Canadian auto sales on a six-month slide

Six months of slipping sales dash earlier hopes of another record year

Published: September 7, 2018, 9:55 AM
Updated: November 21, 2021, 2:59 PM

Canadian Auto sales on a six-month slide - Canadian Auto sales have been on a slow but consistent decline for the past six months.

For the first two months of 2018, auto sales in Canada maintained 2017’s record pace, raising hopes of a third consecutive record sales year. But then things changed. For the past six months, new-vehicle sales have been on a slow but slide.

August’s results – a 1.6% drop in sales from the same month last year – effectively dashed any lingering hopes of a substantive turnaround. They mark the sixth consecutive month of sales declines, leaving year-to-date sales down 0.8% – a deficit of almost 12,000 units..

David Adams, president of the Global Automakers of Canada (GAC), attributed the extended period of gradual decline to “higher interest rates and the fact that we are at the beginning of the end of a very good, protracted cycle of sales growth.”

The situation is far from doom and gloom, however. August’s tally of 180,942 vehicles sold is the second-highest ever for the month and its SAAR (Seasonally Adjusted Annualized Sales Rate) was right on 2.0-million, according to DesRosiers Automotive Consultants (DAC).

Year-to-date sales of 1,392,936 units through the first eight months are second only to last year for the same period. Plus, they’re about 4.4% ahead of 2016’s figures, which are currently second-best.

So, while the trend-line is slightly downward, it is far from being a bad year. And chances are good that it will be the second-best ever.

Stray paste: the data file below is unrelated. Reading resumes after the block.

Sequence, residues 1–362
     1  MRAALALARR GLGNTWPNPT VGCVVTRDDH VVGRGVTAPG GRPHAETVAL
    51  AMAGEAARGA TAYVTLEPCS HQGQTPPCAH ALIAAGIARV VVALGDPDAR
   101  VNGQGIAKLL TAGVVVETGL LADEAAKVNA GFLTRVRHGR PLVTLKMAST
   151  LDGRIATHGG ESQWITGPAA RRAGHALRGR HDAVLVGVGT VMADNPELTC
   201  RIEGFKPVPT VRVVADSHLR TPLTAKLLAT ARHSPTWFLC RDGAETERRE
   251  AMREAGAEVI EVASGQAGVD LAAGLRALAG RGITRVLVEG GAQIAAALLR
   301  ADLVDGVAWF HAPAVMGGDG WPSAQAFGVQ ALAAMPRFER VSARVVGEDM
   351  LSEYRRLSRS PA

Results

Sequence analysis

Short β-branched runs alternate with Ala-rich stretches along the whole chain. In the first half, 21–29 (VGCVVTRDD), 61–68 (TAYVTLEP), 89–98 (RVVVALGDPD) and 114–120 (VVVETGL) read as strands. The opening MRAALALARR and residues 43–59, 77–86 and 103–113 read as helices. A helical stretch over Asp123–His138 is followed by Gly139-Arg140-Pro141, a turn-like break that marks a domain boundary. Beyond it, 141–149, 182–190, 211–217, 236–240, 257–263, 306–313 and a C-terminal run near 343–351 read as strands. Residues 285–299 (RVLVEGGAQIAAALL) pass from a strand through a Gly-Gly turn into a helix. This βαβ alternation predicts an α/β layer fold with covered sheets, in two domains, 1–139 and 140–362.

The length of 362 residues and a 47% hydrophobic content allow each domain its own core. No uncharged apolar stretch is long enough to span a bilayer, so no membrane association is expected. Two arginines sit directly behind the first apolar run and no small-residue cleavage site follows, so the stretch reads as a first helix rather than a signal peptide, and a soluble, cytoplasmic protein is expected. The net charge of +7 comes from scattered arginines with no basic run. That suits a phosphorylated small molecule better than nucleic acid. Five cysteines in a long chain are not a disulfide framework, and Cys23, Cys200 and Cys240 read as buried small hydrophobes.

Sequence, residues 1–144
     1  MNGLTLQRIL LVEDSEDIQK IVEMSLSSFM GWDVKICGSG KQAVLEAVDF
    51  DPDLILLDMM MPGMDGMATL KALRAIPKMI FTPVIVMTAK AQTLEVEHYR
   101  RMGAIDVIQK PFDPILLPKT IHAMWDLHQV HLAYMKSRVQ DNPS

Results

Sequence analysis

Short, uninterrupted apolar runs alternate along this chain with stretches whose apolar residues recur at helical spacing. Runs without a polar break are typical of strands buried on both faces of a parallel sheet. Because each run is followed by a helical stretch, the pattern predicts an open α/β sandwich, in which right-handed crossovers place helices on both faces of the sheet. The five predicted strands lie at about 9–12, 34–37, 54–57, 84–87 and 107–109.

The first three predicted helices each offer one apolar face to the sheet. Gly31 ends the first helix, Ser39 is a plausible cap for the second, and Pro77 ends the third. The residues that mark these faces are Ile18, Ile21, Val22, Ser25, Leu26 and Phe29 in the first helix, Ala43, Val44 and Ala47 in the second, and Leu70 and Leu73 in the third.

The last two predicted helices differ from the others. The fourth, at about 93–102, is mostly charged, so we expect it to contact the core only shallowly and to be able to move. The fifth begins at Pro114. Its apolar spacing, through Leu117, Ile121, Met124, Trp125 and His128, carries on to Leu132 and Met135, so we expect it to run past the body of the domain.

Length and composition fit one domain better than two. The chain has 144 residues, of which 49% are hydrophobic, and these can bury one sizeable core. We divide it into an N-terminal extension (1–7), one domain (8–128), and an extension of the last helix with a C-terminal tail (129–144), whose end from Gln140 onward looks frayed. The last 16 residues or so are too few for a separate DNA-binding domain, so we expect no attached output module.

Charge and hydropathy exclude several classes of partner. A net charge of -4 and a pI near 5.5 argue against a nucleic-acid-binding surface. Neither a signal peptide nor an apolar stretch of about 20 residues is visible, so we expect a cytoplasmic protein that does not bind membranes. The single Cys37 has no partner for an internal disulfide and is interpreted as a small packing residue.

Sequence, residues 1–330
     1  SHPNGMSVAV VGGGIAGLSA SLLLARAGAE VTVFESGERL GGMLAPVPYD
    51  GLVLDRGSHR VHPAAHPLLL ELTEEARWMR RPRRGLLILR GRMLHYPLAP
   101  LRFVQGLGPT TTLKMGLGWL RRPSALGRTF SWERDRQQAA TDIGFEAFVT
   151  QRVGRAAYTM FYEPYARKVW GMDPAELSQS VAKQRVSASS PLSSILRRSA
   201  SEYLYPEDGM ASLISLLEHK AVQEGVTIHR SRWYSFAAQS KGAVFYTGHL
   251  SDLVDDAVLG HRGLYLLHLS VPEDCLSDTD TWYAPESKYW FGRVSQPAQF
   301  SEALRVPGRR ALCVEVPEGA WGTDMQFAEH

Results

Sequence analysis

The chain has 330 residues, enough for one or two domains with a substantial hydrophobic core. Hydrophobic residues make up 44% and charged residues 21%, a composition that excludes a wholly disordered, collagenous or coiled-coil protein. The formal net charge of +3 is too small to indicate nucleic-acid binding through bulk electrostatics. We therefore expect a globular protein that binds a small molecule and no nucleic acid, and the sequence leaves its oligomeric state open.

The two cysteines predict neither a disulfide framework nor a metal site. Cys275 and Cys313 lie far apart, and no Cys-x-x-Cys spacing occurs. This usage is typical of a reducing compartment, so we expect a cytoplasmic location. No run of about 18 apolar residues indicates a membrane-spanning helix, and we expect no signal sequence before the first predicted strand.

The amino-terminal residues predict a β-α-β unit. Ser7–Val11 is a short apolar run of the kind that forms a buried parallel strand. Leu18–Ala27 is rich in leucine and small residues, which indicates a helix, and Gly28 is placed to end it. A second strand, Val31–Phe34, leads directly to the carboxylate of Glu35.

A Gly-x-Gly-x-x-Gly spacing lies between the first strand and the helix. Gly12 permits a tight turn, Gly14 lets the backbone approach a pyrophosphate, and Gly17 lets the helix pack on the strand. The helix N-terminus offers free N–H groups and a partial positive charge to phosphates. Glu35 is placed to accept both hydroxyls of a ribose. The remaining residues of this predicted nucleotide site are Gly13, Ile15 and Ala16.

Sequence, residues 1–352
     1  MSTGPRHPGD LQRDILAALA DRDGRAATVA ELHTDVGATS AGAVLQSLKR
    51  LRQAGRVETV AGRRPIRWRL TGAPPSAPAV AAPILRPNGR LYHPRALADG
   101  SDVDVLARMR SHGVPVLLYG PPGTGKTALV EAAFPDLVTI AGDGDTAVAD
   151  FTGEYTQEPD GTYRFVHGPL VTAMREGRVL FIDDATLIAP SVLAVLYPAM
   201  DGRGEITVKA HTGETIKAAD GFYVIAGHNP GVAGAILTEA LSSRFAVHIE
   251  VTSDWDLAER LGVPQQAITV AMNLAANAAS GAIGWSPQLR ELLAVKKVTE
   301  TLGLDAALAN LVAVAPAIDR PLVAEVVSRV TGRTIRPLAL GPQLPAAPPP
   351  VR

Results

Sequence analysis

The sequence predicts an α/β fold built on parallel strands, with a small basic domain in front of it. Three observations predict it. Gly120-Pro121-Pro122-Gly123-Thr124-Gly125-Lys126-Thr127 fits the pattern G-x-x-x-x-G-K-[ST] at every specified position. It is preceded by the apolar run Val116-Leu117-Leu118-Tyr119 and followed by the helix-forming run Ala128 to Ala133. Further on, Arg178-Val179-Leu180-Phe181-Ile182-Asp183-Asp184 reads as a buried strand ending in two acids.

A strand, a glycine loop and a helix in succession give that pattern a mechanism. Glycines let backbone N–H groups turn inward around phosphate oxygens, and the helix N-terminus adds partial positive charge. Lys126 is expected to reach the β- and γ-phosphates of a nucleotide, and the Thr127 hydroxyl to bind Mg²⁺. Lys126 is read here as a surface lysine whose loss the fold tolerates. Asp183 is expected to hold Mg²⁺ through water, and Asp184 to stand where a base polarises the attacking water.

Trucks are still king

There was virtually no change in the now-normal car-truck split.  Light truck sales, including those of SUVs, were up by 2.6%, claiming 70.2% of the market, while passenger-car sales fell by 10.6%, to a 29.8% market share. That’s a 2.7% shift in market share from cars to trucks from a year ago.

While overall sales were down, there were more gainers than losers, in terms of brands, however – including a few with impressive increases.

On a percentage basis, the biggest winners in March were Genesis (+136.4%), Volvo (+44.6%), Mitsubishi (+17.8%) and Acura {+13.1%).

The biggest losers, in percentage terms, were Maserati (-33.3%), Volkswagen (-22.2%), Mercedes-Benz (-20.5%) and General Motors (-10.1%).

Ford is #1

Ford once again topped the sales charts, with an increase of 7.1% from a year ago and 15.3% market share, year-to-date..

In second-place, General Motors’ sales were down 10.1% from a very big month a year ago, but year-to-date GM has gained 0.2% in market share, to 14.8%.

For the second consecutive month, Toyota ranked third, with sales up 2.4%, although it remains fourth for the year so far, with 10.0% market share.

Fiat Chrysler Automobiles (FCA), followed up a dramatic sales decline in July with a 9.6% drop in August, putting it behind Toyota for the month and dropping year-to-date market share to 12.1%.

Honda was back to its usual fifth-place ranking in August, with sales up 0.3% from the same month last year and a cumulative 8.9%. market share.

Some tight races mid-field

Further down the rankings, Hyundai maintained sixth place for the month, ahead of Nissan although poorer results for the Korean brand early in the year reverses that position for the year-to-date.

For the third month in a row, Kia ranked eighth in sales August, almost, but not quite, overtaking Mazda for eighth in cumulative sales.

Mazda ranked ninth for the month, while hanging on to eighth place for the year-to-date.

For the second consecutive month, Volkswagen’s sales declined in August, relegating it to 10th place for both the month and the year.

Subaru now stands clearly in 11th place, well ahead of Mercedes-Benz for both the month and the year-to-date.

The battle further down the luxury rankings fell to BMW this month, slightly ahead of Audi, also reversing their positions in BMW’s favour for the year-to-date – albeit fewer than 100 units apart.